This case study explores a collective response to the challenges of learning and teaching within the College of Science and Engineering at the University of Glasgow in the context of the COVID-19 pandemic. The College comprises seven diverse schools, each of which has a rich and heterogeneous pedagogical culture. As soon as national lockdown commenced, we identified an immediate priority to devise and implement a flexible approach to learning and teaching for the incoming academic year.Flexibility was an inherent requirement of our approach because of the uncertainties we facedin terms of changing government guidance which dictated student travel and presence on campus in Glasgow. This led to considerations such as whether students were able to connect andengage remotely worldwide. This narrative report presents our institutional strategy over nine months, from the formation of an interdisciplinary flexible learning committee, through the various stages of planning, to the successful delivery of a semesterof remote teaching. We explore various factors that contributed to this positive outcome. Activities to support our institutional pivot include: (1) developing exemplar specifications for model courses; (2)trialling early adoption of new technology platforms; (3) mediating central messaging to each teaching unit; (4) sharing good practice within and between teaching units; (5) developing remote labs; (6) incorporating student experience in a dynamic feedback loop; and (7) supporting student wellbeing. Thecommon theme running through these activities is the sense of a ‘campus collective’ with a ‘distributed leadership’ model.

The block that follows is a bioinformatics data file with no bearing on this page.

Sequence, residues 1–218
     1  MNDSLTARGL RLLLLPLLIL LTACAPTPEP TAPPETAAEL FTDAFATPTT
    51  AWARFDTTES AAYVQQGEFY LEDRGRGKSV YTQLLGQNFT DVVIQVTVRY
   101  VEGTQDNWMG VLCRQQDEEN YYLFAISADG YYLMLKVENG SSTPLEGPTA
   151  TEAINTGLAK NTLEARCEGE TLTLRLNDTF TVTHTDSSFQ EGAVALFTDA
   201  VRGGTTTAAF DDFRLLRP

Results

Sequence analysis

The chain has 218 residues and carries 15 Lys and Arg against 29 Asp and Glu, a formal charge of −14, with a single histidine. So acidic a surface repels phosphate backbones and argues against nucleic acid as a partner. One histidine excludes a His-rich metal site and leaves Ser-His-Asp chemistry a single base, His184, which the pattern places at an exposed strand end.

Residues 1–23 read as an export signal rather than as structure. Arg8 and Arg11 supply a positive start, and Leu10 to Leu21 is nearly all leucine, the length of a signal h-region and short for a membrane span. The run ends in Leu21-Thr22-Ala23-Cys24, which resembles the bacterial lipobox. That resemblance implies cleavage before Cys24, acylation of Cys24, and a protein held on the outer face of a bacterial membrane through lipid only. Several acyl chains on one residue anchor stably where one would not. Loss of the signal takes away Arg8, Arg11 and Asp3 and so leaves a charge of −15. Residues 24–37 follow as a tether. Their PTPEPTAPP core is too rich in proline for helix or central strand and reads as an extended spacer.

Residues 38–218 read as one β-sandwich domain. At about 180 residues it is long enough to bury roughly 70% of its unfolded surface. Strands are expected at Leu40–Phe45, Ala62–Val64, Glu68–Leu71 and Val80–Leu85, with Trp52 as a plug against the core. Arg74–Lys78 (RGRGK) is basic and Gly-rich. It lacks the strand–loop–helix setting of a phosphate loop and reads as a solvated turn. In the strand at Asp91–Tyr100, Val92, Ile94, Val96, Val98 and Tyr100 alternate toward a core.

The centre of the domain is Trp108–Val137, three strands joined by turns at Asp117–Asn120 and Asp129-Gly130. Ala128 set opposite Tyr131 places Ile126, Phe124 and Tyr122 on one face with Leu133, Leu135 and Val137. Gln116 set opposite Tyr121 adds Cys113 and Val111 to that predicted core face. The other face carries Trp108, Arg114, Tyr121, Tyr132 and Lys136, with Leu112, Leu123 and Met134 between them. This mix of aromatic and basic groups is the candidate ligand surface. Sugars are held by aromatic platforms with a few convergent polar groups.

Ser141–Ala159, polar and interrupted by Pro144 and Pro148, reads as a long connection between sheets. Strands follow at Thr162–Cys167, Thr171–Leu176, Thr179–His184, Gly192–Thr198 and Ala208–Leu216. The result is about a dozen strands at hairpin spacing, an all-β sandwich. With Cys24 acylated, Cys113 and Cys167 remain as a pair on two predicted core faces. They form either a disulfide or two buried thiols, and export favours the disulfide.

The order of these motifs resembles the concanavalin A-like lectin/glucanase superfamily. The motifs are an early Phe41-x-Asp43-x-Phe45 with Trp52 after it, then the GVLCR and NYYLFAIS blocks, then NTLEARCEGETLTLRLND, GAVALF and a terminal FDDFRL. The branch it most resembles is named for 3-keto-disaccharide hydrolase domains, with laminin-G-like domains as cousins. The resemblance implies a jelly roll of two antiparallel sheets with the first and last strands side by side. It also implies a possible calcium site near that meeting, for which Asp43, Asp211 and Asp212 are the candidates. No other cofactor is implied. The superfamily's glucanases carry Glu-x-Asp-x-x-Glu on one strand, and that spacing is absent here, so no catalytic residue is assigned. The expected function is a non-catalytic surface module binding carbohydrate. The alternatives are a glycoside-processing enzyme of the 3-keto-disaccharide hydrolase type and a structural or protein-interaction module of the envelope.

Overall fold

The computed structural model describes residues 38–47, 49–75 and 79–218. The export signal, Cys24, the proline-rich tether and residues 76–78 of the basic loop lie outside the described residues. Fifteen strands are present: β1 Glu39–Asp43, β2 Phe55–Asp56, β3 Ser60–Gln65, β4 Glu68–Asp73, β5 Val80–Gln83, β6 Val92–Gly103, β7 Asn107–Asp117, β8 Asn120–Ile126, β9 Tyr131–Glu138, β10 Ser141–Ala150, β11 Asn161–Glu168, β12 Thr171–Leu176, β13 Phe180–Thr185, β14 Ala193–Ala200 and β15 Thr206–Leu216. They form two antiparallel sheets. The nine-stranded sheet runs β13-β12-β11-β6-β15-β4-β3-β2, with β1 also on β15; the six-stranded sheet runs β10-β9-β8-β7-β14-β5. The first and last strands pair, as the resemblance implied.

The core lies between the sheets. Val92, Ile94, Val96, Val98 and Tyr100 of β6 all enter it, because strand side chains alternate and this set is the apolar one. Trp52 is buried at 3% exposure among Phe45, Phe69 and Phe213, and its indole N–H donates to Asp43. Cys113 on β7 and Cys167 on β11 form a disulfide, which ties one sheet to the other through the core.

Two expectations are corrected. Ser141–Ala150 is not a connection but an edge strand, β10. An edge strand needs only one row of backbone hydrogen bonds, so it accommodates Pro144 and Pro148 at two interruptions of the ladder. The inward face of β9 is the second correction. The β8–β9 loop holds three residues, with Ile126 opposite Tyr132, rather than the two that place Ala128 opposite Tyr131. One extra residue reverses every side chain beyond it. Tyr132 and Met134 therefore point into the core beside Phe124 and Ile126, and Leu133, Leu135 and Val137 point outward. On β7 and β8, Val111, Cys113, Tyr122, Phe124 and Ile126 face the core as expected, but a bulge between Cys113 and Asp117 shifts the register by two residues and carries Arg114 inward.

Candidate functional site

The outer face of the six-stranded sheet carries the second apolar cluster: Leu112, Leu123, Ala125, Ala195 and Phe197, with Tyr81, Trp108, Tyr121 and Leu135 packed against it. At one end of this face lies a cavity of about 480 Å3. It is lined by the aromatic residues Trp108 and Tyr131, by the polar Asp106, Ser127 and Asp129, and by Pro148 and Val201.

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Bellamy, G., Brown, R., Cleland Woods, H., Labrosse, N., Senn, H., Singer, J. & Vezza, M. 2021, 'Togetherness: the central tenet of an effective institutional online pivot', Journal of Perspectives in Applied Academic Practice, 9(2), pp. 89-90. https://doi.org/10.14297/jpaap.v9i2.491

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Last updated: 16 June 2022
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